This places the B.C. city well above Norfolk, Virginia, the busiest coal port in the United States. Despite a massive spike in U.S. coal exports for 2017, only 31.5 million tonnes of coal moved out of Norfolk last year. Continue Reading →

[Mount Polley tailings spill] Imperial’s VP environment talks remediation – by Alisha Hiyate (Canadian Mining Journal – April 2018)

Imperial Metals Mount Polley Mine Remediation & Monitoring Updates:

Vice-president ‘Lyn Anglin speaks about the aftermath of the Mount Polley tailings spill

When the Mount Polley tailings storage facility failed in August 2014, it sent 7.3 million cubic metres of fine tailings, 600,000 cubic metres of construction materials and 17 million cubic metres of water into the local watershed, uprooting trees and vegetation in its path and depositing the slurry in Hazeltine Creek, Quesnel Lake, Polley Lake and Edney Creek.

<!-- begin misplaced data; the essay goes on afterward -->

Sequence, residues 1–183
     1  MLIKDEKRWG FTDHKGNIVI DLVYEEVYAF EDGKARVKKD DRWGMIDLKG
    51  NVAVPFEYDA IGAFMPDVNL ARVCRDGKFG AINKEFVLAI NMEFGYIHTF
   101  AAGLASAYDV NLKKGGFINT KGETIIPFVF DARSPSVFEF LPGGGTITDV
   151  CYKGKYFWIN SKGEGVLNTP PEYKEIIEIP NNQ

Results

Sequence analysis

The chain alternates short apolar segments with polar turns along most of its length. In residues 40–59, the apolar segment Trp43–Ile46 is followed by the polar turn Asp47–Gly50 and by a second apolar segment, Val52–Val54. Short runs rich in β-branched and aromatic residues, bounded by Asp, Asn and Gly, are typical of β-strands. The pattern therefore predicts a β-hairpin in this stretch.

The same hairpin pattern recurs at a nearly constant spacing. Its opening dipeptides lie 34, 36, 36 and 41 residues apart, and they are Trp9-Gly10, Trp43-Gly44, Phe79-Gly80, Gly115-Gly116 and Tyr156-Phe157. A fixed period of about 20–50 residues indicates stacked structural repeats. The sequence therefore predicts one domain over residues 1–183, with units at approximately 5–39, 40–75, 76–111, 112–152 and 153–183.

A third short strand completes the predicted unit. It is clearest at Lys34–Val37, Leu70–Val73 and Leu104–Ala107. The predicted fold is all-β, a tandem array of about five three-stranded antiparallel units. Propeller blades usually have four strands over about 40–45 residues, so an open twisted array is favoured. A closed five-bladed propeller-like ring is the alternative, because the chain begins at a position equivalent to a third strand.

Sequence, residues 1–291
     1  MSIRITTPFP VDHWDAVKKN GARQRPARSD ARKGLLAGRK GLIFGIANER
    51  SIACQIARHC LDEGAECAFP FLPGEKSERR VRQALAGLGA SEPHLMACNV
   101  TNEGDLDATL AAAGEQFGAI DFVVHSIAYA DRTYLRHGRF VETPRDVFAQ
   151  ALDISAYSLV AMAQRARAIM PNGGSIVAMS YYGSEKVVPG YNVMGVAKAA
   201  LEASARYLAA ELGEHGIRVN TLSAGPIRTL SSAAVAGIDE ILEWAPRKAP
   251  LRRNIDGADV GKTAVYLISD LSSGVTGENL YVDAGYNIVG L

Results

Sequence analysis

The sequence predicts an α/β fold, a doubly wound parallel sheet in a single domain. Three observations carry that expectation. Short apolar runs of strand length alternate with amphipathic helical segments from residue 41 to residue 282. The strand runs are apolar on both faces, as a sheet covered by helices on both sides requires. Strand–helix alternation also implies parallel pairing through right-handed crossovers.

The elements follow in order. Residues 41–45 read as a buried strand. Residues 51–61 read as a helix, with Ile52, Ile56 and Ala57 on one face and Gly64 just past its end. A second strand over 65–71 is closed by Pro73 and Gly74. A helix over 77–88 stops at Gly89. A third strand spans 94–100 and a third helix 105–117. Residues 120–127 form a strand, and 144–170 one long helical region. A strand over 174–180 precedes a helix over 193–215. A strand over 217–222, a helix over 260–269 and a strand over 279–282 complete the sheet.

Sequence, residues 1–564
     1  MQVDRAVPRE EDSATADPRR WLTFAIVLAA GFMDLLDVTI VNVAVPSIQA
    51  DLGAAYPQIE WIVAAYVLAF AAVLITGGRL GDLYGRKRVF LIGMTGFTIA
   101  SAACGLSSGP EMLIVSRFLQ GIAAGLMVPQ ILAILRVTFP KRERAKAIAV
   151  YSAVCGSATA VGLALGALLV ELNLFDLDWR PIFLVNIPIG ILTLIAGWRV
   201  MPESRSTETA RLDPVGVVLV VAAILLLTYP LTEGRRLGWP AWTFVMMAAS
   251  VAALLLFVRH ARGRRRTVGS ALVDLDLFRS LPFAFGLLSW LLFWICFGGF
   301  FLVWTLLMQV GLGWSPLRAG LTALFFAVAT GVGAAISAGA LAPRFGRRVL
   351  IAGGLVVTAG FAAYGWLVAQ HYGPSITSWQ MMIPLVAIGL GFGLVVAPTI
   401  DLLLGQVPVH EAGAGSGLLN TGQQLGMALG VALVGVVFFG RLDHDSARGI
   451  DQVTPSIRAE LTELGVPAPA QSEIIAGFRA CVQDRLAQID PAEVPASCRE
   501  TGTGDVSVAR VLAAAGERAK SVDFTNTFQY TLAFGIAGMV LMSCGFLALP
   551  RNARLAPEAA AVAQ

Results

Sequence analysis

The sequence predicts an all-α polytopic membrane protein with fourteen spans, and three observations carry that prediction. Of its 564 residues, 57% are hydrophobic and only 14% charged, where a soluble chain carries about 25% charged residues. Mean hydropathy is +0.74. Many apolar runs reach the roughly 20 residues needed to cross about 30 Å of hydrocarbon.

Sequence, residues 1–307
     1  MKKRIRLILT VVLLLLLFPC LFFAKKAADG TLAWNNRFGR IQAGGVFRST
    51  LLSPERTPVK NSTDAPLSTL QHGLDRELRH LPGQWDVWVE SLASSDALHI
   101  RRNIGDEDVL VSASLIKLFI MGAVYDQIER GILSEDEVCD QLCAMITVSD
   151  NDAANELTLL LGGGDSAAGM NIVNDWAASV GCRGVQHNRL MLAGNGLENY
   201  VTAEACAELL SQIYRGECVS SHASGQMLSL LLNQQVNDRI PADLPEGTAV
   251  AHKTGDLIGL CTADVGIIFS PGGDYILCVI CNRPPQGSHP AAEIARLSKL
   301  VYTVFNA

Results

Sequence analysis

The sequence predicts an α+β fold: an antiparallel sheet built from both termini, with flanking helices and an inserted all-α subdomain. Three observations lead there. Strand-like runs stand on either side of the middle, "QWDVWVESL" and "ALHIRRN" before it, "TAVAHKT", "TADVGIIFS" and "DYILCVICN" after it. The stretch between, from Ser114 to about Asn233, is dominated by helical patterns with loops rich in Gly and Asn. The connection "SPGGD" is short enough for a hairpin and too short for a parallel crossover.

Three and half years later, the mine’s owner Mount Polley Mining Corp., a subsidiary of Imperial Metals, has spent about $70 million on rehabilitation efforts.

It also has 3.5 years’ worth of data from testing of water, aquatic life, soil and plants to assess the effects of the tailings facility breach, contained in thousands of pages of studies including post event environmental impact assessment reports, a human health risk assessment, and an ecological risk assessment, all of which are posted on its website. Continue Reading →

After Mount Polley: The activists and filmmaker behind the documentary ‘Uprivers’ – by Kevin Gulufsen (Juneau Empire – April 8, 2018)

Indigenous activists Jacinda Mack and Carrie James come from two different countries and opposite ends of rivers their livelihoods depend on. One issue unites them: concerns over under-regulation of Canadian mining projects on the U.S.-Canada border.